On Renewing our Call to Environmental Justice

The PCUSA has a deep history of promoting environmental issues and justice. In a time where it feels like the culture around us is hostile or at the least indifferent to the environment, the church needs to speak up and take action. God calls us to care for all of God’s creation.

There are several GA overtures calling on us, the church, to take action to care for God’s creation.

The Session of First Presbyterian Church of Washington sent the following to the Presbytery to consider. The Presbytery agreed and has sent the overture for consideration to this year’s General Assembly.

[08-04] On Renewing our Call to Promote Environmental Justice.

The Overture call the 223rd General Assembly to

  • Renew our denomination’s call to promote environmental Justice and oppose environmental injustice in all its forms
  • Listen to the perspectives and voices of people most impacted by environmental injustice, including environmental racism
  • In accordance with he Gospel, position the church’s approach to environmental problems primarily as response to the voice most directly impacted by environmental injustice and the cry of God’s creation for environmental justice.

Excerpts from the 08-04 On Renewing Our Call to Promote Environmental Justice

History of PCUSA Actions around Environmental Justice

The Presbyterian church has long been a proponent of action to promote social and environmental justice. Presbyterian General Assemblies have been speaking on issues of environmental protection and justice since the late 1960s. Their witness has ranged broadly from drinking water safety and acid rain, to protecting endangered species, to cleaning up dirty power plants, to climate change and U.S. energy policy. The major policy statements on environmental issues were in 1971, 1990, and 2008, and on energy in 1981.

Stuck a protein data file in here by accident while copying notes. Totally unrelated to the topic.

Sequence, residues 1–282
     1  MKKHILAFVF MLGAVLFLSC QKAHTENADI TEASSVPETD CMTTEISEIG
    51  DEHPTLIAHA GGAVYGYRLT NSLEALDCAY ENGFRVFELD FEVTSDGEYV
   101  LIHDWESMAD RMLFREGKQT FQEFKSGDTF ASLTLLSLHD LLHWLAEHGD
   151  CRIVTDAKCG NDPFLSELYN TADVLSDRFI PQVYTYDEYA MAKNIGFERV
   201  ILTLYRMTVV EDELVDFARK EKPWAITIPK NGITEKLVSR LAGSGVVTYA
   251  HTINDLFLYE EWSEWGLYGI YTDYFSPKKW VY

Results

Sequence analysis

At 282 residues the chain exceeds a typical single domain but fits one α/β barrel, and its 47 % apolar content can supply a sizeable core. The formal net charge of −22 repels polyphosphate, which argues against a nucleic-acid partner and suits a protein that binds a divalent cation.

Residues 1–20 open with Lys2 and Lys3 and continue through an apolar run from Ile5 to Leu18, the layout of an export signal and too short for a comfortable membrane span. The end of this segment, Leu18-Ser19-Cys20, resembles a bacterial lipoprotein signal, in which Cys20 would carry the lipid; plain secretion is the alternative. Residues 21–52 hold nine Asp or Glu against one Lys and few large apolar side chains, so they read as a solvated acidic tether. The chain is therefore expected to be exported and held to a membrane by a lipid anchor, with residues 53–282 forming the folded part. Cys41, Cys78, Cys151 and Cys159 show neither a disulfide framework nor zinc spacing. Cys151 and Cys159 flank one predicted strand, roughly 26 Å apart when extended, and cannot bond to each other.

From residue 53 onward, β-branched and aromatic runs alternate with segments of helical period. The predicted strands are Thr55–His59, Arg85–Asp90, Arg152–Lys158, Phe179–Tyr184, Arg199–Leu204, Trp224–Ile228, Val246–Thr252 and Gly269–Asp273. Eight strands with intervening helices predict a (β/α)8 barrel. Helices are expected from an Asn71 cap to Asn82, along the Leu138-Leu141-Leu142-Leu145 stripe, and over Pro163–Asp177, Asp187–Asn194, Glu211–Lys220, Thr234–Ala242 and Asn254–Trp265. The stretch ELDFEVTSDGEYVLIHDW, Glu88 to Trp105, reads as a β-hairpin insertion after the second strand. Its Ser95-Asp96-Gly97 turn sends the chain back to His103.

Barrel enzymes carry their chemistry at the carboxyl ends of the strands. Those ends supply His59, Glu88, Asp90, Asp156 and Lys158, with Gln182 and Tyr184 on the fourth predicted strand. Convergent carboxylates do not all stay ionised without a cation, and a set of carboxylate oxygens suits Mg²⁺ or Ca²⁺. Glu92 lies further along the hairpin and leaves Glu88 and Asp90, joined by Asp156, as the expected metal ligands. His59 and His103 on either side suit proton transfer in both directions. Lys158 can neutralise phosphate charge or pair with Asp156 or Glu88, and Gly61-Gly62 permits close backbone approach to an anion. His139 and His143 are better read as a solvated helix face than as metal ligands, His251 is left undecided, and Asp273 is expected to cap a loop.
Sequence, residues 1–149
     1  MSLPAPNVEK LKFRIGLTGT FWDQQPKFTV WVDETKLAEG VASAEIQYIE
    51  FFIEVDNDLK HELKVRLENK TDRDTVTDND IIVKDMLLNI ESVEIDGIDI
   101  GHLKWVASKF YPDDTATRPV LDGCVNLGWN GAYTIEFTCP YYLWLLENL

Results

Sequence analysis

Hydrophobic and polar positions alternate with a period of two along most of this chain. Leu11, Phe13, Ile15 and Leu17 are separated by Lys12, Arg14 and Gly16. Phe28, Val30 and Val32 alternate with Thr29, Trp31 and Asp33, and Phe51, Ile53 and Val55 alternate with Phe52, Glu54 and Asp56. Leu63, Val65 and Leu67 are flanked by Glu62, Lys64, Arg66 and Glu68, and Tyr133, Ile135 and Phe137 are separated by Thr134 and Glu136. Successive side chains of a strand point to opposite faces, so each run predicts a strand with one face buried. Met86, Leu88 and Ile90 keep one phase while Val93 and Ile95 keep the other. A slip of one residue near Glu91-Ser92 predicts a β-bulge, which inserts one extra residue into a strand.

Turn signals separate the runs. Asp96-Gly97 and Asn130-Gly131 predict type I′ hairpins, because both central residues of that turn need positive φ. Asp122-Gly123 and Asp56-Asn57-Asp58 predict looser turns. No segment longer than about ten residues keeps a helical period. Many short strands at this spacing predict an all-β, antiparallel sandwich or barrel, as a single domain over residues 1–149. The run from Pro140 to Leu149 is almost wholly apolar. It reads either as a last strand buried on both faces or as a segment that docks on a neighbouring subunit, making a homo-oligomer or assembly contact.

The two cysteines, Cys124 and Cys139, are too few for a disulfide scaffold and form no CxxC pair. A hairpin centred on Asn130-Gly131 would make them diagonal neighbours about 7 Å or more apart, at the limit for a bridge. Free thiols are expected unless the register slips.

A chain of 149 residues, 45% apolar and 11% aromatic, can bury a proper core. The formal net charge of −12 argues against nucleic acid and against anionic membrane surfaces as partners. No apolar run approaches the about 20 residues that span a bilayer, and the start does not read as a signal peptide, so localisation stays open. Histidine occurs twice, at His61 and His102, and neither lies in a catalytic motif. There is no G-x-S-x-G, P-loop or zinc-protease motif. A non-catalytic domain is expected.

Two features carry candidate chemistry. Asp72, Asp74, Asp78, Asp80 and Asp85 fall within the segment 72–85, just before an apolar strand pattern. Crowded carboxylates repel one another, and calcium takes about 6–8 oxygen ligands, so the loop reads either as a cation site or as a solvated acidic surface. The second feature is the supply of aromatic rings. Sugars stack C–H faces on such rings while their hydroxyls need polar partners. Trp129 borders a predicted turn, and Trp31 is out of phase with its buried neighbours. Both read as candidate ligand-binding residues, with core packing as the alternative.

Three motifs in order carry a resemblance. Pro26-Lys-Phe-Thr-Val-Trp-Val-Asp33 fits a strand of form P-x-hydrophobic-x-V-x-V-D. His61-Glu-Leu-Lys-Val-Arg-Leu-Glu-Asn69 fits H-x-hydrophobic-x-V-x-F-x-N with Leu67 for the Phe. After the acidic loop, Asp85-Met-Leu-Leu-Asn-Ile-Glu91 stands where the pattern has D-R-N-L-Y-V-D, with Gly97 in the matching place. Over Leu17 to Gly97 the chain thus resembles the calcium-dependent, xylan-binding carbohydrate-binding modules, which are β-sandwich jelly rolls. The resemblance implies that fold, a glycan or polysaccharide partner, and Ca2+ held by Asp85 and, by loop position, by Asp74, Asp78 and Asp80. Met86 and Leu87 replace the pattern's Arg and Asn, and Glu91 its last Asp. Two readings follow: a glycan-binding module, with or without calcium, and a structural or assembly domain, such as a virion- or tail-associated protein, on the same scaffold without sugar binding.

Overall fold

Environmental Justice, injustice and Racism

Environmental justice is a concept first articulated by Dr. Robert Bullard to denote the movement to resolve the problems created by the confluence of environmental destruction, racism, and poverty. The U.S. EPA defines environmental justice as:

… the fair treatment and meaningful involvement of all people regardless of race, color, national origin, or income, with respect to the development, implementation, and enforcement of environmental laws, regulations, and policies. … It will be achieved when everyone enjoys the same degree of protection from environmental and health hazards and equal access to the decision-making process to have a healthy environment in which to live, learn, and work. (https://www.epa.gov/environmentaljustice)

Thus, environmental justice calls for (1) equal treatment with respect to exposure to environmental hazards and (2) equal opportunity to be heard with respect to environmental matters.

Current Challenges

We live in a time when the environmental regulations that protect our air and water and that are designed to lessen the rate of climate change are being subjected to an all-out assault on many levels.

The impacts of environmental injustice are being magnified by and focused upon the poor and minorities by the increasingly evident impacts of global warming/climate change that have exacerbated devastating heat waves, flooding, hurricanes, and wildfires. These impacts are only expected to increase as global temperatures continue to climb.

those who bear the brunt of environmental problems often find their voices silenced by those who see the problem of environmental damage only through privileged eyes. We live in a time when money talks and the voices of those without it are not heard.

The church must work to minimize environmental problems and listen to the voices of those most disproportionately impacted.

 

Additional information about Environmental Justice

Environmental Justice Explained